Paging Result Sets

As the amount of data in your application grows, the first thing you will want to do is add paging support for certain pages (or views in general). As you saw in the introductory example, simple queries that try to fetch large result sets can easily produce OutOfMemoryErrors.

Many database servers support specialized SQL constructs that can be used to retrieve a specified subset of query results. For example, in MySQL you'll find the LIMIT and OFFSET keywords, which can be used in SELECT queries. So if you execute a query like this:

select * from tbl LIMIT 50 OFFSET 100

your result set will contain 50 rows starting from the 100th result, even if the original query returned 100,000 rows. Many other database vendors provide similar functionality through different constructs. Unfortunately, Derby does not provide such functionality, so you have to stay with the original select * from tbl query and implement a paging mechanism on the application level. Let's look at the following example:

Class.forName("org.apache.derby.jdbc.ClientDriver").newInstance();
Connection connection = DriverManager.getConnection(
            "jdbc:derby://localhost:1527/testDb;");
Statement stmt = connection.createStatement();
ResultSet rs = stmt.executeQuery("SELECT * FROM tbl");
ArrayList allResults = new ArrayList();
int i = 0;
while (rs.next()) {
        if (i > 50 && i <= 100) {
                // O-R mapping code populate your row from result set
                DomainObject domainObject = populate(rs);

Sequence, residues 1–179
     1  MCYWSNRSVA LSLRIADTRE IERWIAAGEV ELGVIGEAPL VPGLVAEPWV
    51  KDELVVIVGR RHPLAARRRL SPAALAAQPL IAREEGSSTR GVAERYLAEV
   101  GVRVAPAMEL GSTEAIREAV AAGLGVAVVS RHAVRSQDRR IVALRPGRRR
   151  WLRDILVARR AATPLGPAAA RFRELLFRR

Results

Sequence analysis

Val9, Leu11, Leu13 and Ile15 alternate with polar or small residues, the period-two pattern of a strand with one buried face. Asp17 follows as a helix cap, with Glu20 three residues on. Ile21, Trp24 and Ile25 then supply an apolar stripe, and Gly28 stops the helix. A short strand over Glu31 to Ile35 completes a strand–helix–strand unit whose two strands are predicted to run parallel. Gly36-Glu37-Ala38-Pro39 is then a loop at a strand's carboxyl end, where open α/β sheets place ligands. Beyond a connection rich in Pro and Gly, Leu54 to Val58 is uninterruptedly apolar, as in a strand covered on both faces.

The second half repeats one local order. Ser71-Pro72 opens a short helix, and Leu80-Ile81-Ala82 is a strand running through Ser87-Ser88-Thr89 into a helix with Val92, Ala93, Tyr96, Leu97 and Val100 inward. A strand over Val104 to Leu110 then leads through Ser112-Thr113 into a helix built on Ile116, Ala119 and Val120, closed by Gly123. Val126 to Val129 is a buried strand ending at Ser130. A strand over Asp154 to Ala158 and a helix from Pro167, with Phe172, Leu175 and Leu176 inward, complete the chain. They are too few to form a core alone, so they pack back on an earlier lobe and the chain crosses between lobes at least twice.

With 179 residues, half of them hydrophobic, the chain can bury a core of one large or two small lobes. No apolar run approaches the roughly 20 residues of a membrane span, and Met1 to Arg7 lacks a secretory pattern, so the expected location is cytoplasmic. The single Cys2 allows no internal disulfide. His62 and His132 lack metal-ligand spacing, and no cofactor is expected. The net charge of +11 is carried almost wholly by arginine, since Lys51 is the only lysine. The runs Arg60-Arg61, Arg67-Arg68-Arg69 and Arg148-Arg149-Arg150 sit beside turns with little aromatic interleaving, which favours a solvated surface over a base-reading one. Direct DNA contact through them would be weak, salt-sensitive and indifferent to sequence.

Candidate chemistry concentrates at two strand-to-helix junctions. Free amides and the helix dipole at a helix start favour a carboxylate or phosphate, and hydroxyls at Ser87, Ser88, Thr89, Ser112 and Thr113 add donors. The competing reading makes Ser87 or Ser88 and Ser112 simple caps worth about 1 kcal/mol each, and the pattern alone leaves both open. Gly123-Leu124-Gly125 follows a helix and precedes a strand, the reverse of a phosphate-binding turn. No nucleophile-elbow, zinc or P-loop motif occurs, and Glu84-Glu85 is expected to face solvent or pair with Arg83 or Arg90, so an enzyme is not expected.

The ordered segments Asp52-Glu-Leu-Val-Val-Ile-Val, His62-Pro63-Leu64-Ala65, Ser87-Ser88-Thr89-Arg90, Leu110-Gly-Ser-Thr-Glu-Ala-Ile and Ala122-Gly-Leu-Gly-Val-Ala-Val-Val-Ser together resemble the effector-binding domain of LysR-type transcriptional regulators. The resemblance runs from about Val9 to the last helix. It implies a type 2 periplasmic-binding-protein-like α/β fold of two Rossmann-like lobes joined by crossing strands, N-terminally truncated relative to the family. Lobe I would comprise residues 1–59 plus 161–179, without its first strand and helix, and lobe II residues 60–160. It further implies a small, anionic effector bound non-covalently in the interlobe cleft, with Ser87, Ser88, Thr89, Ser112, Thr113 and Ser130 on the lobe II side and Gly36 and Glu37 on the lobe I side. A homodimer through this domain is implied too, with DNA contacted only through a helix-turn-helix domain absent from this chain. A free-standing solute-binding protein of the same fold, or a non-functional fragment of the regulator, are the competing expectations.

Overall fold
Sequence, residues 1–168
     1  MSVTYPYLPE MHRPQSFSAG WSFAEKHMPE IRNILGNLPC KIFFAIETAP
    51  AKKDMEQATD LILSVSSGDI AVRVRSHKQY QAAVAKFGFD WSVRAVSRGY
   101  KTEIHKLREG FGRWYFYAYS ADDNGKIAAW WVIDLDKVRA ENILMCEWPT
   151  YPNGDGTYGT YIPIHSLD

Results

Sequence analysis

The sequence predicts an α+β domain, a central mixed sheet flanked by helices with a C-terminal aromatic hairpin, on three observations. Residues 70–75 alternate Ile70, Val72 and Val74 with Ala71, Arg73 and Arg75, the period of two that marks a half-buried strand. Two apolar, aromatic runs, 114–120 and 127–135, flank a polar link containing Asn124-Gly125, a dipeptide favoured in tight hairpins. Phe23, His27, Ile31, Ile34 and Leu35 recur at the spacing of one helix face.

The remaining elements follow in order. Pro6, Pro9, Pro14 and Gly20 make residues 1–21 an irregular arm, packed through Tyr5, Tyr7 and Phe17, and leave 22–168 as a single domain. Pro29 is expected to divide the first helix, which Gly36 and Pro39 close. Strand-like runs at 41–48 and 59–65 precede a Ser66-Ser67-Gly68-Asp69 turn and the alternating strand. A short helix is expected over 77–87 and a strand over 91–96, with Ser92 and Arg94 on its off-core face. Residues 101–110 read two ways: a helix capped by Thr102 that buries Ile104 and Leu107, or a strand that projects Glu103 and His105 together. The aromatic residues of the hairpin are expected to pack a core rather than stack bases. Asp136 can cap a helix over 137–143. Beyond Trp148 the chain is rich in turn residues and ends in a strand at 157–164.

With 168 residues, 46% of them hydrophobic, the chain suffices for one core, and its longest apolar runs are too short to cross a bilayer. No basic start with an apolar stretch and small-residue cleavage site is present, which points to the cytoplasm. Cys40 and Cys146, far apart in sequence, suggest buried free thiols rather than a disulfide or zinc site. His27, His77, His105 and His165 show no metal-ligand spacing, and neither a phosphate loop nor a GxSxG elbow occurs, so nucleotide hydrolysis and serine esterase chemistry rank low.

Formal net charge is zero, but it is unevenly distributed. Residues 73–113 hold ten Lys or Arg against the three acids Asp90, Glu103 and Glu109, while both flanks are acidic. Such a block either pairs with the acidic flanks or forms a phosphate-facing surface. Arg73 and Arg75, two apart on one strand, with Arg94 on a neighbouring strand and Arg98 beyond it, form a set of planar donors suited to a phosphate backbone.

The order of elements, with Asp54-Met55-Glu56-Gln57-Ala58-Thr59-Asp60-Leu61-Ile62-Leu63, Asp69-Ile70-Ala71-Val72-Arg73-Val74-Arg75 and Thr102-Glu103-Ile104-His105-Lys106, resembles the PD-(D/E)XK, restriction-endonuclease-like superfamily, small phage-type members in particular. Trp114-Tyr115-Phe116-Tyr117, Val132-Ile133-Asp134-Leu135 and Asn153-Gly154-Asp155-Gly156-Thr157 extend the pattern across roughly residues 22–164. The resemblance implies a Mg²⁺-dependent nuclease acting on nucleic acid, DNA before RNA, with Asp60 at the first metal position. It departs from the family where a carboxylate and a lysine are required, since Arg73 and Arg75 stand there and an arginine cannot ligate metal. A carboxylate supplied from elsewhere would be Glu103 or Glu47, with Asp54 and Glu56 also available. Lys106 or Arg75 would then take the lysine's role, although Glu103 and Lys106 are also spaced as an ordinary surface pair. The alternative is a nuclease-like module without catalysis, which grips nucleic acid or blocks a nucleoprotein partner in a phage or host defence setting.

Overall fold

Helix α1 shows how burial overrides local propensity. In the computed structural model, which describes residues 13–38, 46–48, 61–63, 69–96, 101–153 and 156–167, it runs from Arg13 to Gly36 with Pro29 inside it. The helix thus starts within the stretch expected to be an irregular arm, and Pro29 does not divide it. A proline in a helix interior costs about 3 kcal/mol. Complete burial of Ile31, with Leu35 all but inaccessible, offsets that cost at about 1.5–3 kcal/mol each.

allResults.add(modelObject);
        }
        i++;
}
System.out.println("Results Size: " + allResults.size());

With these extra few lines, we have provided "paging" functionality. Although all result sets are being fetched from the database server, only the rows of interest are actually mapped to Java objects. Now we are safe from the OutOfMemoryError problem that we had before and can be sure that this code will actually work with large tables.

But still, with this solution the database will scan through the whole table and return all rows, and that is certainly a time consuming task. For my example database, this operation takes up to ten seconds to execute, which is certainly not acceptable behavior for the application.

So, we have to come up with a solution; we do not want to retrieve all database rows but only those of our current interest (or at least the minimal possible subset of all rows). The trick we'll use here is to explicitly tell the JDBC driver how many rows we need. We can do this by using the setMaxRows() method of the java.sql.Statement interface. Let's look at this example:

Class.forName("org.apache.derby.jdbc.ClientDriver").newInstance();
Connection connection = DriverManager.getConnection(
            "jdbc:derby://localhost:1527/testDb;");
Statement stmt = connection.createStatement();
stmt.setMaxRows(101);
ResultSet rs = stmt.executeQuery("SELECT * FROM tbl");